Check On Employees Regularly

One way to ensure that the operations of your business are streamlined is to keep communication open at all times. Check on your employees regularly by hosting regularly scheduled meetings.


Meet with co-workers who have volunteered to take on additional tasks individually to ensure they’re handling the additional responsibility well. Ask co-workers if they need any additional support with their additional tasks and responsibilities. Provide additional guidance as necessary to ensure that the transfer of tasks goes over smoothly.


What To Say/What Not To Say To Someone Returning To Work

Whenever you have a co-worker return to work after leave there are a few tips to keep in mind. Knowing what to say and what not to say to someone who is returning to work can help smooth the transition in the workplace as you restore responsibilities and delegated tasks.


What To Say To Someone Returning To Work

You might be excited to see your coworker after an extended absence, which is entirely understandable. But it’s important not to overwhelm them or pry into their personal life. Some acceptable things you might discuss with someone returning to work are:

  • That you’re happy they’re back

  • How you can help them to feel more comfortable as they transition back into their daily routine.

  • What has happened at work since they were gone. Fill them in on big issues like new clients or small ones like a new flavor of coffee in the breakroom.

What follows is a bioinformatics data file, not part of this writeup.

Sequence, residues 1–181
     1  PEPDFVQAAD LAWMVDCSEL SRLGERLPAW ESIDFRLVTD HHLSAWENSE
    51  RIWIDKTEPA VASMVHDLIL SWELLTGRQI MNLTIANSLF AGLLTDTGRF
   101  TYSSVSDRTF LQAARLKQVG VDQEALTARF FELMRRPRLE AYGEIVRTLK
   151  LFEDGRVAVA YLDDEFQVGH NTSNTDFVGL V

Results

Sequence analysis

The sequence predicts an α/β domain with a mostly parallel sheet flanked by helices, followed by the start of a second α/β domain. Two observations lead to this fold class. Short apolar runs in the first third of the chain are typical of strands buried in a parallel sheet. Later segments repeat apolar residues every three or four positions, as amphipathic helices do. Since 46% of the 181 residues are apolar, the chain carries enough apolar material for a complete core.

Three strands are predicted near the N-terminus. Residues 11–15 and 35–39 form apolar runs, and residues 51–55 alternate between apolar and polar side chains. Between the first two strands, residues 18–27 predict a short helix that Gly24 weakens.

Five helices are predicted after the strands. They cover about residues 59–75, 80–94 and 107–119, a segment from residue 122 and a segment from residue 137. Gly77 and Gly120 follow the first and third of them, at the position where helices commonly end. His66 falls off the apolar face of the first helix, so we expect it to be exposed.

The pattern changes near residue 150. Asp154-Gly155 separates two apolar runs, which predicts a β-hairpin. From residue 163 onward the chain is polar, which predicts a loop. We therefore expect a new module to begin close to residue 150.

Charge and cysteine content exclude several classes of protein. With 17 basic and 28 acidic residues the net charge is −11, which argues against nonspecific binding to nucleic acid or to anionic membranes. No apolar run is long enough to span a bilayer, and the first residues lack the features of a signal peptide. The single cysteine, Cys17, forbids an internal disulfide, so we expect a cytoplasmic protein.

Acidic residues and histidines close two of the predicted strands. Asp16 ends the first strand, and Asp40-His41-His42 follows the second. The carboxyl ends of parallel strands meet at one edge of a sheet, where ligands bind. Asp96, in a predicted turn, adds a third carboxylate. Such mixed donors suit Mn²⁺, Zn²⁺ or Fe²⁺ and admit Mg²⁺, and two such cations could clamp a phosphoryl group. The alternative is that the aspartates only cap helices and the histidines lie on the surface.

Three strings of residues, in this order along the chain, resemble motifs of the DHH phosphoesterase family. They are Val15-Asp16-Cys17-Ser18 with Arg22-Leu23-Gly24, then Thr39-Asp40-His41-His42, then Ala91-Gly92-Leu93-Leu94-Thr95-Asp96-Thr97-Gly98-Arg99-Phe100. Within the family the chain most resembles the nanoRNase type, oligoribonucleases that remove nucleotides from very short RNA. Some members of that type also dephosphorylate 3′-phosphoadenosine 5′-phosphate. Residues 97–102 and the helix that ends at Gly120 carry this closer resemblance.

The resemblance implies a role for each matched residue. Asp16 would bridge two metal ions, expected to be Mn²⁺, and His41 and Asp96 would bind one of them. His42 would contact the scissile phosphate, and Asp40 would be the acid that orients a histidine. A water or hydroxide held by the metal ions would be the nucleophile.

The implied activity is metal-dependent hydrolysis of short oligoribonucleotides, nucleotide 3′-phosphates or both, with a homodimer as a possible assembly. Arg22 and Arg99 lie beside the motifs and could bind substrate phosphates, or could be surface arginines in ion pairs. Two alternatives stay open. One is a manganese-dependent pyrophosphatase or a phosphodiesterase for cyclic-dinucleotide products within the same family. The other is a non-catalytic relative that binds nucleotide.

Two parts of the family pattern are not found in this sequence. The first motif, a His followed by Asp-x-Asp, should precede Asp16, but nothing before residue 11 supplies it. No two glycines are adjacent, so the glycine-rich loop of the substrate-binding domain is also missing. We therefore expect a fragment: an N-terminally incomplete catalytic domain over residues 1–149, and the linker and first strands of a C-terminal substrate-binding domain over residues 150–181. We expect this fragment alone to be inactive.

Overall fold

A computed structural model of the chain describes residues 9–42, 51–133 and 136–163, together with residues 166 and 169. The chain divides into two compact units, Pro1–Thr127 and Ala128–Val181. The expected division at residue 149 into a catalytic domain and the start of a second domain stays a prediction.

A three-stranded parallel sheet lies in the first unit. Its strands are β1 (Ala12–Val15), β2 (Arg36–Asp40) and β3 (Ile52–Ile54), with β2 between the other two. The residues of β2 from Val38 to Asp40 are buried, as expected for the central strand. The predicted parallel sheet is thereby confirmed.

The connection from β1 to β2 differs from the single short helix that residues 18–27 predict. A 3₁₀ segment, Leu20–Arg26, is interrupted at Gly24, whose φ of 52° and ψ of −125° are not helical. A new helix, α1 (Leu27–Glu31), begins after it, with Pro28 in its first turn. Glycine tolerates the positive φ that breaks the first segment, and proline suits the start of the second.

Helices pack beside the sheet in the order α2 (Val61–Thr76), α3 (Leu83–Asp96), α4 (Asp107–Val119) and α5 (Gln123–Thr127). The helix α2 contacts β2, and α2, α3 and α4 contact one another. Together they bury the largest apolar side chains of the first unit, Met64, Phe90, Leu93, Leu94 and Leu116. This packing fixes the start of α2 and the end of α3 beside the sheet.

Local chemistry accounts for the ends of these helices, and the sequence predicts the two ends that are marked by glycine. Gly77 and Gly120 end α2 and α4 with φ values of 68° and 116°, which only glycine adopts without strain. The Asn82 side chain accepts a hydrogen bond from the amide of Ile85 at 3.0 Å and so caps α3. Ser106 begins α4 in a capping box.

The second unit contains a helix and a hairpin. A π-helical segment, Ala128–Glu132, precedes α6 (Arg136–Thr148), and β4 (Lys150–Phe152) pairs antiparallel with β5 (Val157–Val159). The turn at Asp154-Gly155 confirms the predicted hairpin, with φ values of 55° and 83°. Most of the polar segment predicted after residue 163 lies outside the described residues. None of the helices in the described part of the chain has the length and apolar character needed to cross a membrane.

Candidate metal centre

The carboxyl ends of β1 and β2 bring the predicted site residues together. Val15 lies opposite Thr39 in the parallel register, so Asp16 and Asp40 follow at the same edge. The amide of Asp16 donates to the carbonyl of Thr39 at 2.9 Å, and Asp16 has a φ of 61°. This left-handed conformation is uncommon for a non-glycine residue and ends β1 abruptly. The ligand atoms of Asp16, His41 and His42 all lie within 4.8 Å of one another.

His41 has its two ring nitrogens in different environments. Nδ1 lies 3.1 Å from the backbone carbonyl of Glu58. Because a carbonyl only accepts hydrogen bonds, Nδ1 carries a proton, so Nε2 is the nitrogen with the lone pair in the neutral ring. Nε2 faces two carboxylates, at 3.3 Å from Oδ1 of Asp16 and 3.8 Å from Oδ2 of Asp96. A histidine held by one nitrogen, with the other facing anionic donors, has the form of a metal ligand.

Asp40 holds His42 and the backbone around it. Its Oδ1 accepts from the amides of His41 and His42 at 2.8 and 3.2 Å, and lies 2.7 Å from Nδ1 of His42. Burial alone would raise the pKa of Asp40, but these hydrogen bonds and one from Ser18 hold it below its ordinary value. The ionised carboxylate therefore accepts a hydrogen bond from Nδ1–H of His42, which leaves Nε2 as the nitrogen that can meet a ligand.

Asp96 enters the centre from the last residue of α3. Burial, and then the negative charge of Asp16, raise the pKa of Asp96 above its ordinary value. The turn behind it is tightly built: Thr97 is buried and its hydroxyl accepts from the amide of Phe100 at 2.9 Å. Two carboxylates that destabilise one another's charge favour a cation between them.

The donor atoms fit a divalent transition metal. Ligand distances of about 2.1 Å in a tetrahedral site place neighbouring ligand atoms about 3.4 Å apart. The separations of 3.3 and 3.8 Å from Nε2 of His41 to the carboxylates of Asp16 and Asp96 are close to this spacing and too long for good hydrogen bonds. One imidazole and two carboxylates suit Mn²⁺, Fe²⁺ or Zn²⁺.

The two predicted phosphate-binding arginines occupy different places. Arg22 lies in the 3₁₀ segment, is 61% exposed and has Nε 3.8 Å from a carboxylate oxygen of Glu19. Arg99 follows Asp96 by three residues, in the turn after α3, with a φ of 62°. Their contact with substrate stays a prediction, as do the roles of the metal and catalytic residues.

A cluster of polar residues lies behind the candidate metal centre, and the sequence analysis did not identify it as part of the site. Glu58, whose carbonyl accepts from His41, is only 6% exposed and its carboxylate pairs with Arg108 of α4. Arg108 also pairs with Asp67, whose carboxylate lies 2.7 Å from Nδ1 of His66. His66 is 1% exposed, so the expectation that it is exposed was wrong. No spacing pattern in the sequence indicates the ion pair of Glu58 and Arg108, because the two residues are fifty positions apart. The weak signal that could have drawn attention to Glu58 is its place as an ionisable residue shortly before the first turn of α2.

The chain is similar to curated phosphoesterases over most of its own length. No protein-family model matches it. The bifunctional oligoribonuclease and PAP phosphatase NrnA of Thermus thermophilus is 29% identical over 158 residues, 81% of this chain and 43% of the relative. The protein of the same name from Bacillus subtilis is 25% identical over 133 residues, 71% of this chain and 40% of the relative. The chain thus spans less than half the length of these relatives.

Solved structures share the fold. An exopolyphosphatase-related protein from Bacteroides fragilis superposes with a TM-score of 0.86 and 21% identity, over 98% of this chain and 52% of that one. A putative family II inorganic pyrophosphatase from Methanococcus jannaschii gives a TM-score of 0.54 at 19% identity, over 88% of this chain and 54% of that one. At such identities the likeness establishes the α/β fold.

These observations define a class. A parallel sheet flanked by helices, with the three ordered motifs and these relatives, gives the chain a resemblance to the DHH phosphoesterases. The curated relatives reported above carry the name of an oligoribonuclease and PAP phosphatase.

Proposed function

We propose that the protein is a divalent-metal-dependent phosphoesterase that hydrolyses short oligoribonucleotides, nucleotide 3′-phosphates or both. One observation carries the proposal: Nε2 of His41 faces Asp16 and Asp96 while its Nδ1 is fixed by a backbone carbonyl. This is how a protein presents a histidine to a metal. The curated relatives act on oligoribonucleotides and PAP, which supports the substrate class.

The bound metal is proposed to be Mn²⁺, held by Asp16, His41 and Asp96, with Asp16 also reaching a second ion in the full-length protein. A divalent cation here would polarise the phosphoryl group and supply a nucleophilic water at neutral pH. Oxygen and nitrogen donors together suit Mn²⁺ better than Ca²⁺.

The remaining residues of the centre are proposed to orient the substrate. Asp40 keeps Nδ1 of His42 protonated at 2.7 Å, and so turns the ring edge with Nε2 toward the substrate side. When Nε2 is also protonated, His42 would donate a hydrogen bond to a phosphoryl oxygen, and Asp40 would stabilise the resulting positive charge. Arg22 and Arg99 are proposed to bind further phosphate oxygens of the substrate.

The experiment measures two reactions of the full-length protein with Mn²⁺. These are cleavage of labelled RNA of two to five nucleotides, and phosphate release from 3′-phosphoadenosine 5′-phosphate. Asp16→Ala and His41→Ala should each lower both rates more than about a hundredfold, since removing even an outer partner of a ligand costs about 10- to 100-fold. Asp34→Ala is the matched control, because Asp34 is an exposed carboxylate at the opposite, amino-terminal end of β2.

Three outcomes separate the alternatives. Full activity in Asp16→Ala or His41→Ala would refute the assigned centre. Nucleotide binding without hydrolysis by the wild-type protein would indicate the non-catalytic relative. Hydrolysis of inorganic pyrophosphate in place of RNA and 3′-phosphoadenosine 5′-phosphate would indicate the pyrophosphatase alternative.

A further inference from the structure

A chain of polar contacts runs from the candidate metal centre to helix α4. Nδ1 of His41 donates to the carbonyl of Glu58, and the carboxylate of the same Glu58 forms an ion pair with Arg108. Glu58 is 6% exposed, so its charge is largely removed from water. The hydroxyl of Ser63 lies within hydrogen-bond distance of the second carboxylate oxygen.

• What tasks have been completed and taken on by other co-workers.

  • A plan of action to help your returning co-worker assume their old responsibilities.


What Not To Say To Someone Returning To Work

Whether your co-worker has left due to a medical condition or a family matter, there are some topics you should not discuss with someone returning to work, such as:

  • The reason for their leave. If they choose to share the reason, that’s fine. But if they don’t, resist the urge to pry. It might be something they don’t want to discuss with their colleagues.  

  • Why their leave was so long. People need different amounts of time to deal with different issues. It’s not your place to second-guess the length of their absence.

  • Negative consequences of their leave. Sure, you might be a little annoyed that you had to pick up extra work or stay later than normal, but your coworker has enough to deal with without adding on extra guilt for missing work. Keep the conversation supportive.


Knowing how to address matters when a co-worker has a medical condition will come in handy whether you’re managing employees or simply helping your team work together in the interim. When you know how to address a coworker's absence, it’s much easier to keep your business running smoothly.


The 5 Keys To Better Employee Engagement eBook Free Download 


Sources - 90 Day Rehab Programs - What Data Does the BLS Publish on Family Leave? - FMLA Frequently Asked Questions | U.S. Department of Labor (